Athlone was a science hub yesterday, Thursday March 15, as schoolchildren from across the country congregated at AIT for the national finals of the Primary Science Competition.
Children from third, fourth, fifth, and sixth class came from the four provinces with five out of all six students in Scoil Naisiunta Inis Meain crossing the Atlantic on Wednesday to be in Westmeath in time for the competition.
With projects on subjects as diverse as wind turbines, daffodils, earthworms and what’s really in Coca Cola, students were ready to chat to judges to explain what they’ve been learning.
Sponsored by Ericsson and run by Atlantic Corridor, both based in Athlone, the competition is about taking a holistic approach to developing an interest in science and technology.
That will eventually feed into the knowledge economy, said Tony Devlin, programme manager with Ericsson.
“We concluded pretty early on that we have to start developing interest and enthusiasm very early in life,” he said, and added that he’s been impressed by the variety of projects.
He was particularly struck by the higher level thinking skills of children, seen in their enthusiasm to explain not just what they did, but how they did it.
Essential to the knowledge economy, those skills are a credit to the education system and the work of teachers, he said.
Grace Leonard from Broughal National School in Kilcormac, Offaly really enjoyed doing their project about Our Virtual Science World, which matched a project on their local farming community with an online, virtual farming world.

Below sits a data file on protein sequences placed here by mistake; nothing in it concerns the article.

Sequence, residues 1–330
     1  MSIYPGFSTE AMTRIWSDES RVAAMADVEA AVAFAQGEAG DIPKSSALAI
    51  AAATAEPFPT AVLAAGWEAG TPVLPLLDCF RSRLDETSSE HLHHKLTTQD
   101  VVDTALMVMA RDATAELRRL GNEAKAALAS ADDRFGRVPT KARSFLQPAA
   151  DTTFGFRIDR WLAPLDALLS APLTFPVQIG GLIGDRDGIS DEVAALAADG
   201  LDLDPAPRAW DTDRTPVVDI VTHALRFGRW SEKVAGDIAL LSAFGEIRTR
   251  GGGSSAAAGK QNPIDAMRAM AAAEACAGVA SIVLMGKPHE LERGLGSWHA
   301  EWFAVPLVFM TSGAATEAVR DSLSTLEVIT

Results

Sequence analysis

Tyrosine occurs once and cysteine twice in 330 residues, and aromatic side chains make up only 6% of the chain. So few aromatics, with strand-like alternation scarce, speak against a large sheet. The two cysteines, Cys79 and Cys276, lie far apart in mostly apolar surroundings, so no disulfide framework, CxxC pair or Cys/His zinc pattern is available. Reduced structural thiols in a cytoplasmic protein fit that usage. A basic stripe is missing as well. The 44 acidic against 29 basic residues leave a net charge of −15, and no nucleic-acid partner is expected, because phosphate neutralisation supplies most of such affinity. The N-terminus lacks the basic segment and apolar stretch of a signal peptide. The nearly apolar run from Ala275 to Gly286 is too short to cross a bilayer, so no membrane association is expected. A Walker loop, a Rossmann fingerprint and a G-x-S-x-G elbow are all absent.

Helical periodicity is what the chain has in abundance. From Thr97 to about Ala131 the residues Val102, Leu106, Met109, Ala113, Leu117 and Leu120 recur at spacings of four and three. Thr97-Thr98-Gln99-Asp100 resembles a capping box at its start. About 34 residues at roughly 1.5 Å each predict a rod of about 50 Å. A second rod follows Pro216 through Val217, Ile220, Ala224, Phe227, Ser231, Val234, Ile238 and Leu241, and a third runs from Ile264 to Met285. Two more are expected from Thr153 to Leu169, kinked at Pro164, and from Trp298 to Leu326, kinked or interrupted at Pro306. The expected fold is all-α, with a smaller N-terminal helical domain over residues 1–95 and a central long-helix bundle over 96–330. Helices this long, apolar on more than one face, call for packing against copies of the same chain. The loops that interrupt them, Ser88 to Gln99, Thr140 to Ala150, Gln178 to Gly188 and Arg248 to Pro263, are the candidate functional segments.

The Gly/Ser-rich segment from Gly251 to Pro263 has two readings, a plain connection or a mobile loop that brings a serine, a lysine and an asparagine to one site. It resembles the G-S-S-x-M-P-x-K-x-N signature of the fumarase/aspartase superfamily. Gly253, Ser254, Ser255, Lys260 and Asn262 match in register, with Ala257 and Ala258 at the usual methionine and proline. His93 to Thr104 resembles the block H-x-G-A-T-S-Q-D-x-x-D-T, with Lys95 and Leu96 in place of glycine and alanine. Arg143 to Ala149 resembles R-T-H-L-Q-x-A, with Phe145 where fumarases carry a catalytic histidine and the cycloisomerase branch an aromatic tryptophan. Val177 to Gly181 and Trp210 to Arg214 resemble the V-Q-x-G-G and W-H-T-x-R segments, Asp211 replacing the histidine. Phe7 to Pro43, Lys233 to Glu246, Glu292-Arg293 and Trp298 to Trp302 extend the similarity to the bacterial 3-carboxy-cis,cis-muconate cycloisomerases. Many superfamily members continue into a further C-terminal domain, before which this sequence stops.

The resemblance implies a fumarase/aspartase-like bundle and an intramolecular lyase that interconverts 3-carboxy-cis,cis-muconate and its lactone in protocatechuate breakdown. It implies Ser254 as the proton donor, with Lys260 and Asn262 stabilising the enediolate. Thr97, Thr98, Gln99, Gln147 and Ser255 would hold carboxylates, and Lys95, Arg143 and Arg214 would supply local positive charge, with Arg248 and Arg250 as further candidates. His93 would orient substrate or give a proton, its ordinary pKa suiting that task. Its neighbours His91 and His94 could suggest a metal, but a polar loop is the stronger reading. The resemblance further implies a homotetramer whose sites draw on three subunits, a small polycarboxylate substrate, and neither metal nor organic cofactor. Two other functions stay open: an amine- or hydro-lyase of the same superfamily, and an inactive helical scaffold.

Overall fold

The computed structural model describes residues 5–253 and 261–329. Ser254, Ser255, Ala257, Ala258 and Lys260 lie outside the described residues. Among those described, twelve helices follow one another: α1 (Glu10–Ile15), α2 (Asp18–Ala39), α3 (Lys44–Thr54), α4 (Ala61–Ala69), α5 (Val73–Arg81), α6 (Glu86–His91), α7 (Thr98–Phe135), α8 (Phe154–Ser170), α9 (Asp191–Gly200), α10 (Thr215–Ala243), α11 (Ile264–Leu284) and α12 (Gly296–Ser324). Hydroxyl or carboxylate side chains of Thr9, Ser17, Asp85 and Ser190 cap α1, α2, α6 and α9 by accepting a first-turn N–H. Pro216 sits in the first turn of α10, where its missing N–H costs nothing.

She explained how the cress they grew in a class experiment was yellow and miserable when grown without light, but was green and lush when grown with light and water.
Teacher Esther Lambe said the children were so enthusiastic about the project they were waiting at the door each morning to get started, and collaborated online at weekends to do the virtual aspect of the project.
Since weather is one of the most important issues on a farming and fishing island, that was the obvious choice for the children from Inis Meain.
The weather prevented them attending regional finals in Sligo, so the judges came to the Aran Islands to them.
Making it to the final generated huge interest and the project has been presented twice to islanders.
When they looked at how to measure atmospheric pressure, the children resurrected the old instrument used by their parents and grandparents, a ‘gloine’ made up of a jam jar and a bottle, which principal Ms Breathnach said would have died out in memory if this generation of children hadn’t rediscovered it.
“That’s one of our best forecasters of the weather,” she said, adding that the project brought the whole community together.